Books to Read by Black Writers Outside of Anti-Racist Literature
Updated: Jun 28, 2021
Reading Nic Stone's incredible article broke through my focus on compiling anti-racist texts in favor of re-reading books with Black characters fulfilling the same roles as white ones in mainstream literature. These books aren't solely geared towards being anti-racist, but rather show Black people living in ways that aren't exclusively defined by racism. To quote Stone, "...The more we see Black people living—loving and doing and being and feeling and going on adventures and solving mysteries and being the heroes—the more we come to recognize our shared humanity." White America recognizing Black people's humanity is absolutely crucial to dismantling state sanctioned violence and raising the next generation of racial justice advocates. Here are some of my favorite books about Black people being.
And of course, support your local libraries and BIPOC owned bookstores!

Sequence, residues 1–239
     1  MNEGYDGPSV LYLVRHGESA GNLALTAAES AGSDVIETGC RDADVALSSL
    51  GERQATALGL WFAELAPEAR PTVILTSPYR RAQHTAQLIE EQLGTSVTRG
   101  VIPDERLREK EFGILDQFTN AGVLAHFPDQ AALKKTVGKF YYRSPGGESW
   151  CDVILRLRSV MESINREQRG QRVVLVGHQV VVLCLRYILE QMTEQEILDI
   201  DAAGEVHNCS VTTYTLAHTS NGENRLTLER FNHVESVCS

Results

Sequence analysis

Pet by Akwaeke Emezi
This book made me realize how much racism has stunted my imagination. Even though I finished it in less than a day, I kept re-reading the first three pages as the solutions proposed to societal ills were so revolutionary. I hope one day the town of Lucille (named after Lucille Clifton!) can be a real life model on how to implement structural and personal change.
The Changeling by Victor LaValle
The Changeling holds space for those struggling with their own feelings toward families all while being an epic fantasy novel.
There Are More Beautiful Things Than Beyoncé by Morgan Parker
This is my go-to for people who say they're not interested in poetry. One, the cover photo is glorious. And two, even the most ardent poetry haters can appreciate the creativity put into these poems.
Her Stories: African American Folktales, Fairy Tales, and True Tales told by Virginia Hamilton; illustrated by Leo and Diane Dillion
This is one of my favorite books of all time. Being a Black person of slave descent, there are so many gaps in my knowledge about distant family history. These folktales helped me imagine what that history could have been like.
What It Means When a Man Falls from the Sky by Lesley Nneka Arimah